Cabin Site Preparation
Your cabin or home will arrive at your location as one or more pre-assembled modules. Each module is typically very large and there must be adequate room for the modules and the truck. The machinery used is custom-built and very maneuverable. It is rare that a building cannot reach its intended location after some trimming of trees, but there are limits. A Cozy Cabins representative will check your job site prior to delivery to make sure the site is indeed accessible.
Your driveway must be stoned in and/or free of all mud/sogginess at the time of delivery. Make sure straight sections of your driveway are clear at least 2’ wider than the width of the modules and at least 14’ high. Turns in the access driveway must provide sufficient space to maneuver.
For buildings going on a crawl space foundation or full basement an area approximately 40 feet by 40 feet must be provided next to the foundation for the crane to set up. This area must be completely clear overhead, including tree limbs and power lines, and must be on a decently level grade.
Smaller cabins which are going on a crushed stone pad or concrete slab are delivered with a special-built trailer similar to a rollback. The driver backs his trailer onto the prepared pad, and then tilts his trailer until the rear of the cabin rests on the pad. He then drives out from underneath the cabin. There must be adequate room in front of the cabin for him to pull straight away. This clear distance varies with the length of the building (approx. 80’-150’) and will vary with each job site.
Crawl Space • Basement
Our modular cabins and homes are typically set on a crawl space foundation or full basement. This portion of the project is completed using the local contractor you choose. When you are satisfied with your design and are ready to proceed with the order we will provide you with a detailed foundation design, showing the size of the foundation required, as well as placement of piers & columns. This information provides your foundation contractor the all important dimensions he needs to create a final design and satisfactory footing and foundation system for your new cabin or home.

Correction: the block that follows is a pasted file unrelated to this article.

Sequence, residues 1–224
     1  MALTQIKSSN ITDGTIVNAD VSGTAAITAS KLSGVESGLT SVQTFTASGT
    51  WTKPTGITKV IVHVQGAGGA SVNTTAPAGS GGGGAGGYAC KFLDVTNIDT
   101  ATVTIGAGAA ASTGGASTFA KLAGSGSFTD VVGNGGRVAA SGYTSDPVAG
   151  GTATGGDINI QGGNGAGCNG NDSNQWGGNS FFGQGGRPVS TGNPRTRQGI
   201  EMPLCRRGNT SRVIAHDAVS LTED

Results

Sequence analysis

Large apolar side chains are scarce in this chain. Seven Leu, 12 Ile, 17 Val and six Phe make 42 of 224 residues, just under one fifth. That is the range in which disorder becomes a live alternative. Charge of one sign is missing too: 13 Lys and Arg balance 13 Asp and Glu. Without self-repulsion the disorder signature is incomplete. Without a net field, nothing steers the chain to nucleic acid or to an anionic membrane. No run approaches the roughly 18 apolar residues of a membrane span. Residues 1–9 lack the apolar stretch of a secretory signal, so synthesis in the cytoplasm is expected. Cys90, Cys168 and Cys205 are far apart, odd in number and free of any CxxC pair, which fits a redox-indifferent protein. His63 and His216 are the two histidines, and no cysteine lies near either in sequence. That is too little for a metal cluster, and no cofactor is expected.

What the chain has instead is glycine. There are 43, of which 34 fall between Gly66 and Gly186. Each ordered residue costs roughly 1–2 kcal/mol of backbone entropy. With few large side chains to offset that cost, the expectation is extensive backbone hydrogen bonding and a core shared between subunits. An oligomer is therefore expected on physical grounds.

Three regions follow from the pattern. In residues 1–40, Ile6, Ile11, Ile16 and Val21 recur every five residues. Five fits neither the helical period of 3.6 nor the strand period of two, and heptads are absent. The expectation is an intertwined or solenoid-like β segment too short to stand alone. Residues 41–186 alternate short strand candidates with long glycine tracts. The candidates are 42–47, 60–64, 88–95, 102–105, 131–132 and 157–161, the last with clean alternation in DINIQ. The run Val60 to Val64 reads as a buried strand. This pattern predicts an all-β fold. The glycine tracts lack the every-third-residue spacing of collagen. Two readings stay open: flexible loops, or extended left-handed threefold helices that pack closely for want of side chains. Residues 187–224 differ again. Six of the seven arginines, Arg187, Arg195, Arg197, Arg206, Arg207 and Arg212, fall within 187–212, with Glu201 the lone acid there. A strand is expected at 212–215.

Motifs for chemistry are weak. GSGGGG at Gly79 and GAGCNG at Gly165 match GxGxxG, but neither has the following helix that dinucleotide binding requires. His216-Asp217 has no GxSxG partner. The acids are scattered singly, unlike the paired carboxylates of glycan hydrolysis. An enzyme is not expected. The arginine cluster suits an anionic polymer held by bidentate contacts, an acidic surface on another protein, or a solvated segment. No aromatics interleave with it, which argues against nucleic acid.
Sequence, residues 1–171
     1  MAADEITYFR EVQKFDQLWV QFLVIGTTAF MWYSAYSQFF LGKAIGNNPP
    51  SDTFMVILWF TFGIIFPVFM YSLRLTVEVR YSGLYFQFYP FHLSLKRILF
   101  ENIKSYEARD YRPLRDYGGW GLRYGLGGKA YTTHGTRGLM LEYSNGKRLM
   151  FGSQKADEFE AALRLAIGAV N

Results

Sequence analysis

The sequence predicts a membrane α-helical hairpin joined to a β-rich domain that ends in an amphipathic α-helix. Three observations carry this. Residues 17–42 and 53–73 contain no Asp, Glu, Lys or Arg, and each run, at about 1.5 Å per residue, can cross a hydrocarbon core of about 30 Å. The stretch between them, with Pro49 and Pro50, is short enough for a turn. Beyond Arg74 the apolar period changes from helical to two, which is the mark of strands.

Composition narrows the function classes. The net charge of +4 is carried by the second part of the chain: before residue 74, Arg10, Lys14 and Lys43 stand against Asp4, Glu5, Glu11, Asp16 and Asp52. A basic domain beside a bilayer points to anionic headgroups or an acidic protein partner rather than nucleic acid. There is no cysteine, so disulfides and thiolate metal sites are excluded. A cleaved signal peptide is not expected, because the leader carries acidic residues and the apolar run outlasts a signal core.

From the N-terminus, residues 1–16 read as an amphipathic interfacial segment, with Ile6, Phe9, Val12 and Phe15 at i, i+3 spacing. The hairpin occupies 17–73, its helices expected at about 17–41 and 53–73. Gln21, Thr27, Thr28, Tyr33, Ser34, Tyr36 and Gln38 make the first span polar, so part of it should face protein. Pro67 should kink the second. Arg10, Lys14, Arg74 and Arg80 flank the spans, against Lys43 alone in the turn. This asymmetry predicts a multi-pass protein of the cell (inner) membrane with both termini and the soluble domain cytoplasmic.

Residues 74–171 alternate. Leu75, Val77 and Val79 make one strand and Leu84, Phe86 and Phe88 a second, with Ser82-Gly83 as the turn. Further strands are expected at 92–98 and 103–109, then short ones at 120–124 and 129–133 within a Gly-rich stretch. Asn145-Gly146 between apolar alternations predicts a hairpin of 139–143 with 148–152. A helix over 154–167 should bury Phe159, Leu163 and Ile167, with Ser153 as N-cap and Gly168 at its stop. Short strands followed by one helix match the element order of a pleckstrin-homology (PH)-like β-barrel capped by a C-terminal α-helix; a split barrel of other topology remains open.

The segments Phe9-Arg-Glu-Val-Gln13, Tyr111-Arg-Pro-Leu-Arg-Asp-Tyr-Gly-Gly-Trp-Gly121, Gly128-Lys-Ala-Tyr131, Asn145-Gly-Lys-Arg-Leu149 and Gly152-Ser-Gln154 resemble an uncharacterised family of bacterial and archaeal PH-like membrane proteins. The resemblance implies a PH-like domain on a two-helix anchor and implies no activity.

When our crew arrives to install and complete your cabin they will expect the foundation to be complete, with girders and sill plates already installed. The modules are then craned onto your foundation, fastened together, and secured to the sill plates.
Crushed Stone or Concrete Pad
Our smaller single-wide cabins can go on a crushed stone pad or concrete slab if they are not being used for residential living. (Residential codes require a permanent foundation.) The cabin’s floor system is then built with 4x4 pressure treated skids which distribute the weight of the structure across the pad, much like a typical storage shed.
When creating a crushed stone pad the area must be leveled and graded so no run-off water will go under the cabin. Put down 4” to 6” of crushed stone – about 1’ longer and wider than the actual size of the cabin. Use “dirty” stone (stone with fines in it) so it packs well enough to support the weight. Level your pad using a laser or other reliable methods to ensure accuracy. Pack the pad using a roller or plate tamper, then re-check the pad for level. Add stones where needed and pack the pad again.
For a concrete slab use 4” to 5” of reinforced concrete on top of a bed of crushed stone about 4” thick. It is very important that the slab is accurately level, as a low corner can create issues with the operation of doors, etc. Use a laser or some other reliable leveling method when finishing the concrete.
If your cabin has plumbing installed you will need an access pit. This pit allows your sewer and water to come in below frost level and gives you easy access to make the connections to the underside of your cabin after it is in place. It is typically 3’ wide and 6’ long, with about half of the length under the cabin. Ask a representative for details. The location of this pit varies with every floor plan, but is generally near the bathroom area.